December 26, 2019 at 02:00PM by CWC

I’m an active, exercise-loving person—but my favorite workouts are sweaty, high-intensity sessions, à la Rumble and SoulCycle. I prefer to be so busy that I’m more focused on the struggle to catch my breath than on mindfulness about my breath’s very existence. I generally use my workouts as a means to distract me from how I’m feeling (whether that’s good or bad), so I can clear my mind and think about nothing at all. However, a recent breakup, which heightened my anxious thoughts, changed all of that. I tried calming yoga for anxiety, and it worked.

In the weeks following the rough breakup, I couldn’t eat, I barely slept, and my mind was running amok in circles. Traveling generally would have been a great, Eat, Pray, Love-approved way to escape these emotions, but unfortunately, my ex was slated to join me on a work trip I was taking to Dubai only a few weeks after our breakup. Clearly, that plan was no longer in tact. And even the trip itself, which I had be excited to take, became an emotional trigger.

So, when I found myself newly single and sad about it in the UAE, I searched for HIIT-style workouts to help take my mind off the anxious thoughts that wouldn’t stop buzzing: What’s he doing right now? Is he seeing other women? What could I have done differently? When will I be able to think about something else? And while I did find a few available spinning and boxing classes, they were (unsurprisingly) different than the local options that I enjoy back home, which only ended up exacerbating my sense of unease in this entirely new atmosphere. But I can’t live my life without moving, so I decided to try a completely new experience for which I’d have no marker of comparison to hold it to: an underwater yoga class at the Atlantis, the Palm Hotel.

To be clear, the class itself isn’t underwater: Rather, it takes place in the Lost Chambers Aquarium, a room of floor-to-ceiling glass windows showcasing some of the most exquisite sea life I’ve ever seen. Think: stingrays, a variety of colorful fish, and even several types of sharks. The clear blue water seemed to go on forever, and the dim lighting made me feel as if I were in the center of the ocean. The tranquility of the environment alone put me at ease. Everything in my real-life world felt far away—including my ex, our problems, and all of my anxious thoughts. Well, until class actually started, that is.

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The class focuses on a combination of a light flow and breath-work exercises, with an emphasis on how we we feel in our bodies throughout. Given that my workouts are usually results-driven, this practice marked my first experience of being encouraged to introspect deep into my feelings. While the intention of doing yoga for anxiety treatment is to squelch worries, my instinct was still to run away. Instead, though, I listened to the instructor’s advice to let myself breathe deeply and introspect during poses, holding each for a bit longer as a means to work on form and breathing rather than just going through the motions, which is essentially all I’d been doing in my real life since the breakup.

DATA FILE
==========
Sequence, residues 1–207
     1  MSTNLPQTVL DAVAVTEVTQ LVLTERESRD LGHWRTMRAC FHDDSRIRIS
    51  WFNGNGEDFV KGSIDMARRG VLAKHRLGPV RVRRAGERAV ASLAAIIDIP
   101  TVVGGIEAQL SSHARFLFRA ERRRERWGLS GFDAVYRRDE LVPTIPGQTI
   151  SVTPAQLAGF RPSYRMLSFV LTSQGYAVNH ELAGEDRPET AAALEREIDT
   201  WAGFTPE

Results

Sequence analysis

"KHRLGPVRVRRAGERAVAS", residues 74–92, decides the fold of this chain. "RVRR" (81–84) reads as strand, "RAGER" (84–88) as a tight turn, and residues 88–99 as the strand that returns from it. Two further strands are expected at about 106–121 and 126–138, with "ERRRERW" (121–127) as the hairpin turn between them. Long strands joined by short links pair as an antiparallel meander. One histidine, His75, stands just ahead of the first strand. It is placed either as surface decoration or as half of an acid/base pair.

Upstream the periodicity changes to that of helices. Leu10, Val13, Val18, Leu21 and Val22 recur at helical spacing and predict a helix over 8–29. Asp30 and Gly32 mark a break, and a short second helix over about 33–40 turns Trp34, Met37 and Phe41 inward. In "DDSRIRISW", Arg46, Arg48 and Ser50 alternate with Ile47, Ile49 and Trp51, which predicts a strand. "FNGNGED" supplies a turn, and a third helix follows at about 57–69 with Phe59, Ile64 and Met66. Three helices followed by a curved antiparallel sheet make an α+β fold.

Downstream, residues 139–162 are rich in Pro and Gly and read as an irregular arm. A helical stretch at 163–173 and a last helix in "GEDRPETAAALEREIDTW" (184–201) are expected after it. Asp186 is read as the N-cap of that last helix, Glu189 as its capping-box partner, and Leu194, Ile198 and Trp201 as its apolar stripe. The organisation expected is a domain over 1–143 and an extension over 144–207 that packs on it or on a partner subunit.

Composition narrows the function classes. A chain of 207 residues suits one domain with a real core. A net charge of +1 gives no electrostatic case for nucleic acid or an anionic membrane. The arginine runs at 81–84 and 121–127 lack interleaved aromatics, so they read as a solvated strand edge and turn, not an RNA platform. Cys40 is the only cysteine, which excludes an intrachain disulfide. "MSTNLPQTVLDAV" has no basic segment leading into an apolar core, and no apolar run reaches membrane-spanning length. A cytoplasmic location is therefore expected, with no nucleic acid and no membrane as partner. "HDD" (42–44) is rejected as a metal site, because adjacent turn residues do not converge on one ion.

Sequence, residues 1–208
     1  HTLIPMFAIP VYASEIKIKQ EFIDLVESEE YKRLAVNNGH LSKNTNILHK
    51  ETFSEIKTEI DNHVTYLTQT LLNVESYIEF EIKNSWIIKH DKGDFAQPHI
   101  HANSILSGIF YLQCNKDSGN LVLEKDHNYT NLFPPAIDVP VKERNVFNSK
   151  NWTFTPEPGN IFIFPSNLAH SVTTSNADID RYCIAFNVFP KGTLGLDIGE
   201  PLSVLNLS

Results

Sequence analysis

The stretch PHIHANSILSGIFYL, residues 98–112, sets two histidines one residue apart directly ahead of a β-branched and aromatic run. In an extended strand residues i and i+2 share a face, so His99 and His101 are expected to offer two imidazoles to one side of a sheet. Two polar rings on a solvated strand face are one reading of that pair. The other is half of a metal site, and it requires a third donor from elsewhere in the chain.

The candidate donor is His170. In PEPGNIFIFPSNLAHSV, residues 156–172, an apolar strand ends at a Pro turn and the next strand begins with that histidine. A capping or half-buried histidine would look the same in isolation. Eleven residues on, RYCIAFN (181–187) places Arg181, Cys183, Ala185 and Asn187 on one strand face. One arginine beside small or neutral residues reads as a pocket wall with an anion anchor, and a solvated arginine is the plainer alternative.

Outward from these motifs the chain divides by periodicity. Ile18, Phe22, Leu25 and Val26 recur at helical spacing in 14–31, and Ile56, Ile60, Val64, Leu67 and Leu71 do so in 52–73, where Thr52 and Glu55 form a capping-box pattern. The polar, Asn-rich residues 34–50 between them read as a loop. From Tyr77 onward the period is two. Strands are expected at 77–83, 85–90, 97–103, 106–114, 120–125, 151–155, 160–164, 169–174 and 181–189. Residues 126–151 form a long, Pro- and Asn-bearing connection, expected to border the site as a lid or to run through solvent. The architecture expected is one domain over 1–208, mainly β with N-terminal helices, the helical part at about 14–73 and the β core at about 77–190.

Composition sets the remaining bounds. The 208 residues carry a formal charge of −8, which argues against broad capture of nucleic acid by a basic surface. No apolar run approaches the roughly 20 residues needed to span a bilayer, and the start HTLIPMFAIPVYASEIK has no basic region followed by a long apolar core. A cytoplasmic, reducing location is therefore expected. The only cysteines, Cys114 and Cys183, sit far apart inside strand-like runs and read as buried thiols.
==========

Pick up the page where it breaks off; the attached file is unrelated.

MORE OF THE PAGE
While holding poses and breathing deeply, we were instructed to be at one with our feelings. “The only way to find stillness is to really sit with your emotions,” Huda, the yoga teacher, says. “If your mind is racing, your body will, too.” I rarely dedicate intentional time to my thoughts, and instead prefer to distract myself from them—yet, running from my feelings clearly wasn’t really getting me anywhere. The feelings always popped up, sometimes with even more intensity, after my attempts to bury them. So, I decided to trust Huda and follow her instructions to discover whether feeling my anxious feelings might reduce the hold they held over me.

I closed my eyes, breathed in deeply (eight counts in, eight counts out), and tuned in to what I was feeling—and more specifically, which part of my body felt the feeling most intensely.

After breathing in, Huda encouraged us to imagine a warm glow of light enveloping the feeling and dragging it out of our body while we breathed out. After six to eight instances of this, I felt myself calm down entirely.

While my anxious stomach butterflies and barrage of internal questions didn’t vanish completely after the class, they became so much more bearable. Plus, realizing that while I can’t control my emotions outright, I can work to understand them—which is so much productive than ignoring and even running from them—was nearly life-changing. Throughout the remainder of my trip, I continued breathing in deeply and focusing on giving into my emotions. I was growing to understand that how I was feeling may not be comfortable, but it’s certainly normal and also not forever.

Now when I notice myself going down a rabbit hole of self-doubt and -loathing, I try to remember Huda’s advice to slow down. I forgive myself, breathe deeply, and release whatever emotions I’m holding hostage at the time. And to be honest, it often works.

Not in the market for yoga for anxiety-relieving benefits? Finding a practice in cities abroad can also help foster community—whether you’re in the middle of a trip around the world, or setting up shop in Paris for a few months.

Continue Reading…

Author Nikhita Mahtani | Well and Good
Selected by CWC

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